Both the Flood and the Tower of Babel are rooted in actual historical events, even if the narrative is not couched in the language of descriptive history. Mesopotamia had many flood myths, all of which testify to the memory of disastrous inundations, especially on the flat lands of the Tigris-Euphrates valley (See Commentary of R. David Zvi Hoffman to Genesis 6 [Hebrew, 140] who suggests that the Flood may have been limited to centres of human habitation, rather than covering the whole earth). Excavations at Shurrupak, Kish, Uruk and Ur – Abraham’s birthplace – reveal evidence of clay flood deposits. Likewise the Tower of Babel was a historical reality. Herodotus tells of the sacred enclosure of Babylon, at the centre of which was a ziqqurat or tower of seven stories, 300 feet high. The remains of more than thirty such towers have been discovered, mainly in lower Mesopotamia, and many references have been found in the literature of the time that speak of such towers “reaching heaven.”
However, the stories of the Flood and Babel are not merely historical, because the Torah is not history but “teaching, instruction.” They are there because they represent a profound moral-social-political-
It was Thomas Hobbes (1588-1679), the thinker who laid the foundations of modern politics in his classic Leviathan (1651), who – without referring to the Flood – gave it its best interpretation. Before there were political institutions, said Hobbes, human beings were in a “state of nature.” They were individuals, packs, bands. Lacking a stable ruler, an effective government and enforceable laws, people would be in a state of permanent and violent chaos – “a war of every man against every man” – as they competed for scarce resources. There would be “continual fear, and danger of violent death; and the life of man, solitary, poor, nasty, brutish, and short.” Such situations exist today in a whole series of failed or failing states. That is precisely the Torah’s description of life before the Flood. When there is no rule of law to constrain individuals, the world is filled with violence.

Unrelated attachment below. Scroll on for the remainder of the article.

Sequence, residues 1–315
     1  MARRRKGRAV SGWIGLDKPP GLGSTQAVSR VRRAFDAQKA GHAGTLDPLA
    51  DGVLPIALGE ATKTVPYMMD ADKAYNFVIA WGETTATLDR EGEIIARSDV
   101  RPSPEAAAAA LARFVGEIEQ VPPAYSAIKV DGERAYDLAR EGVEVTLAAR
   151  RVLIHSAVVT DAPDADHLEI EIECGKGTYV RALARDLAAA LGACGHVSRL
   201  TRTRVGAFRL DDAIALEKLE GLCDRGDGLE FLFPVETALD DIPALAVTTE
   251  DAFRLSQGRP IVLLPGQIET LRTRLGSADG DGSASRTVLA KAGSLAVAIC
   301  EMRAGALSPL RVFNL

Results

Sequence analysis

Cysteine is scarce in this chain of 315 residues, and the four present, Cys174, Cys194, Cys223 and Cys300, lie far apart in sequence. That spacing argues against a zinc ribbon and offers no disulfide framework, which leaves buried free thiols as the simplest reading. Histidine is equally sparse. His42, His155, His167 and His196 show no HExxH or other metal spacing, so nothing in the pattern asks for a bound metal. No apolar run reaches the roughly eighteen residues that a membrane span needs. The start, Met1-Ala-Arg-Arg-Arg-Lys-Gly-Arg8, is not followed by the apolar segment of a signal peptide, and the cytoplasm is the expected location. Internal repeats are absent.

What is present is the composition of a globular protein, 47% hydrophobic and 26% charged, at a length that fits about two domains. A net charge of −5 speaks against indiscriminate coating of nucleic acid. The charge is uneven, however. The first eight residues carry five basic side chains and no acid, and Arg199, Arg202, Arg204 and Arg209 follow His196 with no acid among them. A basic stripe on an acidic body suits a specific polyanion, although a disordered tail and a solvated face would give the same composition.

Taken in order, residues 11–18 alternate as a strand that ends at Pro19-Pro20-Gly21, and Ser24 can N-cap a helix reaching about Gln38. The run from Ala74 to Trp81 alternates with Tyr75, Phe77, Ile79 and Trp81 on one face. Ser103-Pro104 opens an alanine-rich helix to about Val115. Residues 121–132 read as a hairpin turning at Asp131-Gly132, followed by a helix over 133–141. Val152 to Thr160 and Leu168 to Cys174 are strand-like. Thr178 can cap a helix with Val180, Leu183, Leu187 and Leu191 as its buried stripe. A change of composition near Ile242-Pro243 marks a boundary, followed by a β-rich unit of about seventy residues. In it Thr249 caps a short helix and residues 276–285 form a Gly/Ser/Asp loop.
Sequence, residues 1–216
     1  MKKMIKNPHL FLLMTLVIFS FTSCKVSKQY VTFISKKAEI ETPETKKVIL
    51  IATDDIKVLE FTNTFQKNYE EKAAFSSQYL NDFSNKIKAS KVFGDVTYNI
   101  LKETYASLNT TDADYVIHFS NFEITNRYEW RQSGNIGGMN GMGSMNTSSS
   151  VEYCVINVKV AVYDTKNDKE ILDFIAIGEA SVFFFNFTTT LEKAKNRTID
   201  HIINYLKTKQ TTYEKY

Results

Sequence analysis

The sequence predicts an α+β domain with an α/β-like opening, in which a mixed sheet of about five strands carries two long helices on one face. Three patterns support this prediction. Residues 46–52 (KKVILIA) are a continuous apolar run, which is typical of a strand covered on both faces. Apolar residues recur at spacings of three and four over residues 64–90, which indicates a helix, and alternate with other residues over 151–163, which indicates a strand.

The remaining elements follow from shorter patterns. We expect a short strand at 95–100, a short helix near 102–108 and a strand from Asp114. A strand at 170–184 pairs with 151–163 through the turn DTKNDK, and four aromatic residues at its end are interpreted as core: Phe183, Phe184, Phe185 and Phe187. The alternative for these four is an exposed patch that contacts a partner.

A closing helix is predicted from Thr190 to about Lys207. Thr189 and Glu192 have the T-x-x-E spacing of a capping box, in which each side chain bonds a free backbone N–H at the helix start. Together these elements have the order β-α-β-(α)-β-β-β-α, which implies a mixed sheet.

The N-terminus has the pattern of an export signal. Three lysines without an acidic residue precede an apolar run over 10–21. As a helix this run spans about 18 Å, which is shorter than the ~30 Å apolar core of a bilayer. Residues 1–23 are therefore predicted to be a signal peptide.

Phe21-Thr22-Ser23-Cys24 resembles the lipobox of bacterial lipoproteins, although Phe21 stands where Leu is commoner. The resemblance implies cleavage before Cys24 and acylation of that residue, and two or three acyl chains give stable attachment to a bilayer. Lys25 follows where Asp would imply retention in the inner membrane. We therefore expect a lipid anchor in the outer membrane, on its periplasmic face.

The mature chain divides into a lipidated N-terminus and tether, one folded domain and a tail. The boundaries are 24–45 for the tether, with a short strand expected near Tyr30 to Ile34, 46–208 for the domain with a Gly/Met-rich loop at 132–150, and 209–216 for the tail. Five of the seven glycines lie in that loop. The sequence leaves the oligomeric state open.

Babel is the opposite, and we now have important historical evidence as to exactly what was meant by the sentence, “The entire land had one language and a common speech.” This may not refer to primal humanity before the division of languages. In fact in the previous chapter the Torah has already stated, “From these the maritime peoples spread out into their lands in their clans within their nations, each with its own language” (Gen. 10: 50. The Talmud Yerushalmi, Megillah 1: 11, 71b, records a dispute between R. Eliezer and R. Johanan, one of whom holds that the division of humanity into seventy languages occurred before the Flood).